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DayCreek Journal

February 28, 2004

I Hate Those Meeces to Pieces

Rural Living Lesson #1: Never leave a vehicle unattended for more than a day or two.

Rural Living Lesson #2: Never underestimate the power of a mouse.

The plan has been to drive Jo's old beater...uh, I mean baby ('92 Subaru Legacy) while driving to and from Illinois to keep our expenditures down and conserve fuel. This plan was working up until about December when I started hearing a bad grinding noise coming out of the rear of the car. With everything else going on in our lives, I decided to wait until this week to get her car fixed. I did use the car once in January to drive into town, but other than that it really hasn't been used much this winter.

I tried starting the car, but no luck. It cranked over just fine, but it appeared as if no gas was getting to the engine. After careful inspection, I discovered that two cables had been gnawed in half. I was not a happy camper to say the least. The next morning I took the truck and drove into town to see if I could find replacement cables.

As luck would have it, there is a Subaru dealer in La Crosse. I went to their parts department and the gentleman behind the counter had an eerie resemblance to Mr. Haney. (That darn Mr. Haney always shows up whenever I need something!) I inquired as to the availability of the two cables. Mr. Haney found the cables in the parts catalog and quoted me a price of: $162 for a cam shaft sensor and $268 for a crank case sensor. (Evidently you can't buy just the cable, you have to buy the whole assembly.) I thanked Mr. Haney for his time and said "NO THANKS!"

I then went to a couple of auto parts store, but they didn't have any two conductor shielded cable. Finally, I ended up at Radio Shack and bought a spool of shielded microphone cable. It wasn't exactly the same, but I figured it would probably have to do.

I removed the two half-eaten sensor cables along with the sensors, soldered on the new cable to the nubs of copper wire left on the sensors and reinstalled the cables. While I was reinstalling the cables, I found another half-eaten connector, so I soldered it back together and tried to start the car. It sounded slightly better, but still no go.

I then found that three out of the four spark plug cables had been gnawed off at the base of the cable down by the spark plugs. They sheared the cables right off at the plug, but ate none of the cable. It was just cut in two!

So...back to town for spark plug cables. One hour later I had the new spark plug cables installed. Now for sure it's gonna work...WRONG! It still wouldn't start although it sounded like it might kick over any minute.

Back under the hood, I found another eaten wire that had been sheared off at the connector. This looked to be one of the fuel injector sensors. I got the soldering iron out again, redid the connection and ... it still didn't work.

Now I started looking way down into the lower portion of the chassis. There's a wiring harness that runs the width of the car below the radiator. Or should I say, there ONCE WAS a wiring harness. Well, actually, it's the outer shielding that is missing. The wires appear to be intact but the corrugated plastic shielding has be surgically gnawed into the bowel of some rodent.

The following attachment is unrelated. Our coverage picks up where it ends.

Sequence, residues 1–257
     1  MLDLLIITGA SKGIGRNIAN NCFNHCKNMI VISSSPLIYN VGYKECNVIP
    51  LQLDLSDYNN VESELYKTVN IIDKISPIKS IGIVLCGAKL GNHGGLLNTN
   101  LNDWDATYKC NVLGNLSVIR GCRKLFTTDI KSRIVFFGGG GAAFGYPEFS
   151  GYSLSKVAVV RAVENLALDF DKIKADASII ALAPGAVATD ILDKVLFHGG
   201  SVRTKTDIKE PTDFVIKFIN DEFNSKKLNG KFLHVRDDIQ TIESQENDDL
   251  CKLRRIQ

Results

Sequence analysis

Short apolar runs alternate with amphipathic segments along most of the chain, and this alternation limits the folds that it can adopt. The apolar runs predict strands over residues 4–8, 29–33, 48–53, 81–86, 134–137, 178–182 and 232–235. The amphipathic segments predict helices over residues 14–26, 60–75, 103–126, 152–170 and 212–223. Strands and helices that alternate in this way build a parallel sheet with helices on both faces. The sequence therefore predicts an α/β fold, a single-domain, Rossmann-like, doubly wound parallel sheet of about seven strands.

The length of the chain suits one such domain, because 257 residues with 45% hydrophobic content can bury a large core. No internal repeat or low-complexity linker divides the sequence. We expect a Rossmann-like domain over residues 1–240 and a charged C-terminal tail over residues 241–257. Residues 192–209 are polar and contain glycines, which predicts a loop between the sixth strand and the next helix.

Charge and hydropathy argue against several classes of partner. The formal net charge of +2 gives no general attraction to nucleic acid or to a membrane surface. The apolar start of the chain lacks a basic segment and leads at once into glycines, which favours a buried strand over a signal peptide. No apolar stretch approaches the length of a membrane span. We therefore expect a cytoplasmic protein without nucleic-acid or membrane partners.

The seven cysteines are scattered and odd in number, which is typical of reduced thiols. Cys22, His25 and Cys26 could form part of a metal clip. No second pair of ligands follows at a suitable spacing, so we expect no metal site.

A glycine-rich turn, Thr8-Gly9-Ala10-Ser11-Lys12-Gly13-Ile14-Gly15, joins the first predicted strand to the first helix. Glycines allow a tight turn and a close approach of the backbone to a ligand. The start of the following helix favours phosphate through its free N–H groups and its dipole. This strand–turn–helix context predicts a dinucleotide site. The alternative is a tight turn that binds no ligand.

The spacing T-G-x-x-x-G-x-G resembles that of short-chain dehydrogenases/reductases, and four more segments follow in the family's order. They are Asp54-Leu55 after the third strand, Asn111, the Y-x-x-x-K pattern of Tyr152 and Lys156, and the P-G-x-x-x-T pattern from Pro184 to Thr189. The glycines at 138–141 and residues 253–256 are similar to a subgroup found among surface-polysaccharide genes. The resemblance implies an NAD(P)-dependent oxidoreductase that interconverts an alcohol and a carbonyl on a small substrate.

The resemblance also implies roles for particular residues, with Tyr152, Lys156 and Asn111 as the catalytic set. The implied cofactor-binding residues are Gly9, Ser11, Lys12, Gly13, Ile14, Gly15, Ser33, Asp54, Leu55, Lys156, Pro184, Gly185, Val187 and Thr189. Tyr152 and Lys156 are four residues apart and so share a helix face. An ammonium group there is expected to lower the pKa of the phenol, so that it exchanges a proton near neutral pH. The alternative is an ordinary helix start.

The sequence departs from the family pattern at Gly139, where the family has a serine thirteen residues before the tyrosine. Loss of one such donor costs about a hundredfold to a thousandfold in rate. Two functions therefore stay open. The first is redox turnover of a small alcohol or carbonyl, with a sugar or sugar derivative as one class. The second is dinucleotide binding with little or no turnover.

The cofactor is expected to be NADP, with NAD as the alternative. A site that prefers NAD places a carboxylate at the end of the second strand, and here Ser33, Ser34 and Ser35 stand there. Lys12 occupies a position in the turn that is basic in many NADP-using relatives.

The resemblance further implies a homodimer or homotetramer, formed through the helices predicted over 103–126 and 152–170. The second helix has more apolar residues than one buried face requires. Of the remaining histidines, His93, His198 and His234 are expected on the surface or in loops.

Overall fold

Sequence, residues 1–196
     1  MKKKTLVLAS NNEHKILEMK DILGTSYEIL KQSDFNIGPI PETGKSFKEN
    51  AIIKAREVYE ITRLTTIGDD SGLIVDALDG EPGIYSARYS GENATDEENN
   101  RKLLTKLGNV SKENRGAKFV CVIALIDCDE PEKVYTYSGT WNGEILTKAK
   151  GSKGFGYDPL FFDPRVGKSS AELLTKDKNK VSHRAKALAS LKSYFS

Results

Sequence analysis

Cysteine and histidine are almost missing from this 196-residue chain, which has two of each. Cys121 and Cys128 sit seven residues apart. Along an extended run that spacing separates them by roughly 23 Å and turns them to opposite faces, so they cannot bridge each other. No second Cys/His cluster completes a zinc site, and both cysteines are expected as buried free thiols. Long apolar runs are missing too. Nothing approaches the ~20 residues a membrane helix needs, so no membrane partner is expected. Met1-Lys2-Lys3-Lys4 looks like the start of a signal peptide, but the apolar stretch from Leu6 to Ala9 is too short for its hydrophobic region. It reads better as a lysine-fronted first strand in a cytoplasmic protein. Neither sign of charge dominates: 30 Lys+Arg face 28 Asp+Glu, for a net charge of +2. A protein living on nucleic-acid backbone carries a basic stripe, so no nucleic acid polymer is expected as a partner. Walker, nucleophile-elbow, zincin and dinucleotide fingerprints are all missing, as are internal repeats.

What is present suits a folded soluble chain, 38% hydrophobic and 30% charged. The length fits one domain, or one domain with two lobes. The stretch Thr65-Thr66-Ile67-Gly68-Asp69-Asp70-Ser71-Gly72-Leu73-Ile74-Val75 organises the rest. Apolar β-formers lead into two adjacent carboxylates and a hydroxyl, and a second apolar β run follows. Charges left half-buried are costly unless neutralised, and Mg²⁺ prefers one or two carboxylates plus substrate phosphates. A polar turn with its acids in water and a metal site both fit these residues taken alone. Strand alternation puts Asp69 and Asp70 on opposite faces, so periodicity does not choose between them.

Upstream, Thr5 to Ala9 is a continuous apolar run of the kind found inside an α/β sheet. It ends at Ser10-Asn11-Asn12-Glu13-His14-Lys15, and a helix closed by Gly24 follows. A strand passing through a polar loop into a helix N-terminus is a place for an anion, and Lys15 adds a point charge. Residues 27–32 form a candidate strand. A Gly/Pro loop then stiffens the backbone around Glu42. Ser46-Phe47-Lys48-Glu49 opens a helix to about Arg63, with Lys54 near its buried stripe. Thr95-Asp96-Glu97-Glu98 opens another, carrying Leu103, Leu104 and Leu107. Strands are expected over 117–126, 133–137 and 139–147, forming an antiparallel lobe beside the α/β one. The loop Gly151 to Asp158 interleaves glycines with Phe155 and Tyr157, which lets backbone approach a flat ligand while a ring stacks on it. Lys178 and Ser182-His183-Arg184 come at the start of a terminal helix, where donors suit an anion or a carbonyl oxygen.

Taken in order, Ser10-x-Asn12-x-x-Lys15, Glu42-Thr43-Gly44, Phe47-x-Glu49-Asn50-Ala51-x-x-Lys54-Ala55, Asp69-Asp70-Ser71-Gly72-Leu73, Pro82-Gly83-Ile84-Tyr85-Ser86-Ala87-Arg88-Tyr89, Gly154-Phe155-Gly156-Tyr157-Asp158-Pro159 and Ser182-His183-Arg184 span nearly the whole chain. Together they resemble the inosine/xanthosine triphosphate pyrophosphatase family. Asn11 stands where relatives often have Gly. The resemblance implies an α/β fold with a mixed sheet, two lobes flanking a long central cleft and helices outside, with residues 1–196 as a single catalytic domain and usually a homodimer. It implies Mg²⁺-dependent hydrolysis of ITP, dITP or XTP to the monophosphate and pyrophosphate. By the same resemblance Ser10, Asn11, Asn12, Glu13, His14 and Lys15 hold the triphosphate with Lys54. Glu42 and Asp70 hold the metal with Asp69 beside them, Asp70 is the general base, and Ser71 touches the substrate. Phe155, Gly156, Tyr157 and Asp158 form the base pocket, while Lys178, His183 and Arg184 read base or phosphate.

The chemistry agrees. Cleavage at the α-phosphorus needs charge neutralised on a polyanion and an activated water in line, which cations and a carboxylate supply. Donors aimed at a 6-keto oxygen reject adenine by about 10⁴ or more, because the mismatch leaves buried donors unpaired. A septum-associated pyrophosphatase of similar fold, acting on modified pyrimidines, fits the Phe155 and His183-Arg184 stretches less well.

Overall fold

Since the car is sitting in a puddle of melted snow water, I decided to call it quits until next week. Maybe by then the car will have been totally consumed and I won't have to worry about towing it away to some dump!

How Much Wood can Tom cut if Tom could cut Wood?
I knew how much Tom enjoys cutting wood, so I invited him out for a day of wood cutting. The few trees that gave up their lives were in the area in back of the solar collectors. If the winds were strong enough, they could have potentially damaged the existing solar collectors and IF I decide to install the solar electric system, I would need an area with good southerly exposure. Secondly, the trees will provide firewood for next winter's fuel supply.

There are quite a few Box Elders on the property and they really are kind of a "weed tree". There trunks are usually twisted and of no real value other than fire wood. They are a form of maple, and they can even be tapped for syrup, but it takes a whole lot more sap to make a gallon of syrup compared to a sugar maple. Needless to say I will no longer have to worry about them damaging the solar collectors.

Tom is really good with the chain saw and you never want to cut down trees on your own. It's always best to have someone with you to make sure no one gets hurt.

 

Solar Electric Update
The cooperative is suppose to get back to me with a new proposal that averages the kW rate for those customers who have a dual-fuel system. Minnesota law states that the utility must buy the power back at the average customer rate. Well, the average customer rate of .068/kW does not take into effect only those customers on the dual-fuel rate. Since I am a Dual Fuel customer, they feel it is only "fair" that my average rate should be lower to reflect the discounted price I pay. Needless to say, their proposed buyback rate will be lower than .068/kW. The question is, how much lower?

Besides the "tweaked" average rate, I am having trouble getting my insurance company to include our local utility onto my policy. With that said, I am getting quotes from other insurance brokers who do not have this problem. The saga continues...

Spring is right around the corner! Robins have been spotted in the area and the Sandhill Cranes have already returned to the Root River Valley.